Starting October 1, 2020, every domestic air traveler will need to present a Real ID driver’s license, a Real ID identification card or a passport in order to board a domestic flight. A Real ID-compliant license or card is one that meets, and is issued by a state or territory that complies with the Real ID Act. A passport, along with domestic flights, also affords you cross-border access.
Residents of the Real ID-compliant states/territories as well as some of those on the extension list, like California and Oregon, are now able to obtain Real ID cards and driver’s licenses from their local DMV office.
Those states or territories that have received an extension and are on a clear path to becoming compliant by the final deadline of October 1, 2020. Driver’s licenses from these states will fail to meet the federal government’s minimum security standards under the Real ID Act after October 10, 2018, though as in previous years, these states will more than likely receive deadline extensions to the final date as stated above by that time.
As of January 22, 2018, airline passengers with a state-issued driver’s license in a state not yet compliant (specifically American Samoa, the only non-compliant territory without an extension at this time) with the Real ID act will need to show an alternative form of identification to fly domestically. If you do not an alternative form of identification to go along with your state-issued driver’s license, you will not be permitted though the security checkpoint.
What is the Real ID Act?
In 2005, the Real ID Act was passed by Congress to make fraudulent identification harder to obtain and use. The Act came about from the 9/11 Commission’s recommendations regarding homeland security. The ACT stipulates what U.S. states and territories need to do in order to meet the Act’s minimum standards when it comes to the issuance and production of ID cards; principally, driver licenses. The jurisdictions covered by the Act include: Accessing Federal facilities, entering nuclear power plants, and, boarding federally regulated commercial aircraft.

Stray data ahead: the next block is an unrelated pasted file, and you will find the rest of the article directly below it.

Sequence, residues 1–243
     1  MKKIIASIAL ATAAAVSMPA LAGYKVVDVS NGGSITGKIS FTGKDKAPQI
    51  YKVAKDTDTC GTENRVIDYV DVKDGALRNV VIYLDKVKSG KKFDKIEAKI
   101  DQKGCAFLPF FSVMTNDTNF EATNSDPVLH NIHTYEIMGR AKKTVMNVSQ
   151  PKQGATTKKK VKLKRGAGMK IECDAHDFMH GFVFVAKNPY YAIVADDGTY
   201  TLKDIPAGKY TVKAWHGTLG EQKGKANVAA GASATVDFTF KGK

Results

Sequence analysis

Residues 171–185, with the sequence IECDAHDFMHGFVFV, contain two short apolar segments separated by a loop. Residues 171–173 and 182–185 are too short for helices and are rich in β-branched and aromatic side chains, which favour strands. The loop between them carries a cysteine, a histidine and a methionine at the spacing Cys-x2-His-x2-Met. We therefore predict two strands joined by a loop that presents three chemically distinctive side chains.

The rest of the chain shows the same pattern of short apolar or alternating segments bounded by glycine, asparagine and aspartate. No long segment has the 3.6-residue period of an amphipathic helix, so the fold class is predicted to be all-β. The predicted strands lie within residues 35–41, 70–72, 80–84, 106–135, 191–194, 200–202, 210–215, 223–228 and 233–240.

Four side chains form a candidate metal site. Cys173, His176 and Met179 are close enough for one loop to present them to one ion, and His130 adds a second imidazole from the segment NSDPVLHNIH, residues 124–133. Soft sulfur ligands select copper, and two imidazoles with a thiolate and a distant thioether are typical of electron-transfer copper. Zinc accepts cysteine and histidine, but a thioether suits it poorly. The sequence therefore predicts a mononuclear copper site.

The Current Statuses
States in Yellow – ‘Under Extension’ – Have until October 10th, 2018 to become compliant with Real ID
After October 10th, 2018, according to the Real ID Act, residents of these states/territories won’t be able to use their driver’s licenses as ID when flying within the US:
- North Dakota
- South Carolina
- New Jersey
- New Hampshire
States in Green – ‘Compliant’
States marked in green on the map above, can use their driver’s licenses at the airport now. Their driver’s licenses have been deemed Real ID compliant.
What You Need to Do:
- Birth Certificate: To make sure you can travel after October 10th, 2018, if you are in one of the affected states listed above, you’ll need to get your passport or Real ID driver’s license. In order to do so, you’ll need to present a certified copy of your U.S. birth certificate. No need to take time off of work and wait in government lines for this. You can get this now, online, at USVitalRecords.org.
- Passport: Similar to obtaining your birth certificate, one of the easiest ways to do this is online. One great service for this is RushMyPassport.
For more information on the Real ID Act, please contact the federal DHS Office of State-Issued Identification Support at [email protected].